Wash the feet and ears very clean, and between every foot put a bay-leaf; when they are well soaked, add some cloves, mace, co riander-seed, and ginger; put a bottle of white wine to three pair of feet and ears, some bay-leaves, a hunch of sweet herbs; let them boil gently til! they are tender, then take them out of the liquor, lay them in art earthen pan; when cold, take off the fat, and strain the liquor over them. They eat well cold, or warmed in the jelly, thickened with batter rolled in Hour; or take the feet and ears out of the jelly, dip them in yolk of egg, and then in crumbs of bread, and broil them, or fry them in butter; lay the ears in the middle, and the feet round: or ragout them.
Clean them, and boil them till they are tender; then split the feet, and put them and the ears in salt and water. When you use them, dry them well in a cloth, dip them in baiter, fry them, and send them to table with malted butter in a boat. They may be eaten cold, and will keep a considerable time.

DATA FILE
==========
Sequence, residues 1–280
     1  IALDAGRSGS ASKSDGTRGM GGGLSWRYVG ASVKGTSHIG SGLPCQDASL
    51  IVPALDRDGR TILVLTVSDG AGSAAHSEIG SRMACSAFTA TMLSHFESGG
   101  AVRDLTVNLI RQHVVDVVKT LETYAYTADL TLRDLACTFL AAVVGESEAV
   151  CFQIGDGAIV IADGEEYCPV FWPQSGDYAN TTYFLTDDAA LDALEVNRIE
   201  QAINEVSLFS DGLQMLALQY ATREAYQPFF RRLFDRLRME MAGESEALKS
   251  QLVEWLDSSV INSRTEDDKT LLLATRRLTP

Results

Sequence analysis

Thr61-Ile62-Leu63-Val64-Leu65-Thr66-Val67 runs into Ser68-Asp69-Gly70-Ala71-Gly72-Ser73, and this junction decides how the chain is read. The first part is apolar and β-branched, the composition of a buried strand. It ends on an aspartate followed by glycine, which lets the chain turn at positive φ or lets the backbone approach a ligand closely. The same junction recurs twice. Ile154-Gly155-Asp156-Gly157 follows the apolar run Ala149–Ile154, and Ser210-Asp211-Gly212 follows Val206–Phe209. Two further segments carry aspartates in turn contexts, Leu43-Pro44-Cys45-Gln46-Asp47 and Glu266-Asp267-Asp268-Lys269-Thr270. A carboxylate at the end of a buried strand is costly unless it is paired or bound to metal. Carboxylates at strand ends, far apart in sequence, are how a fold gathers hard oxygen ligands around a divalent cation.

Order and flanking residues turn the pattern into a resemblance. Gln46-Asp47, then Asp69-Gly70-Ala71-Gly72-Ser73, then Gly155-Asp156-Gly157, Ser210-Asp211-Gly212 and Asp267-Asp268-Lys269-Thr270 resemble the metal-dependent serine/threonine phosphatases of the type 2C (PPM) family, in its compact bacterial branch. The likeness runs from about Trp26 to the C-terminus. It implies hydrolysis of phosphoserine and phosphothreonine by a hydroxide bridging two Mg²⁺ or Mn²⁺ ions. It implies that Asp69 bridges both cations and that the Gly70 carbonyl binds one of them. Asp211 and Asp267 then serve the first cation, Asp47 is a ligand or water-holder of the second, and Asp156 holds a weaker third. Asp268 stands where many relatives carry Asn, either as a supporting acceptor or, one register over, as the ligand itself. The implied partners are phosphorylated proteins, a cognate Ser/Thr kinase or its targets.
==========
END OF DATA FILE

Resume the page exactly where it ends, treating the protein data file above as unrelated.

Clean them well, and boil them till they are tender. Brown some butter with flour, and add it to a quantity of gravy or water sufficient to slew the feet in. Season with a minced onion, three sage leaves, salt, and black pepper. Cut the feet in two, add them, and cover the pan closely; let them stew half an hour. A little before serving, mix in half a table-spoonful of lemon pickle or vinegar, and pick out the sage leaves.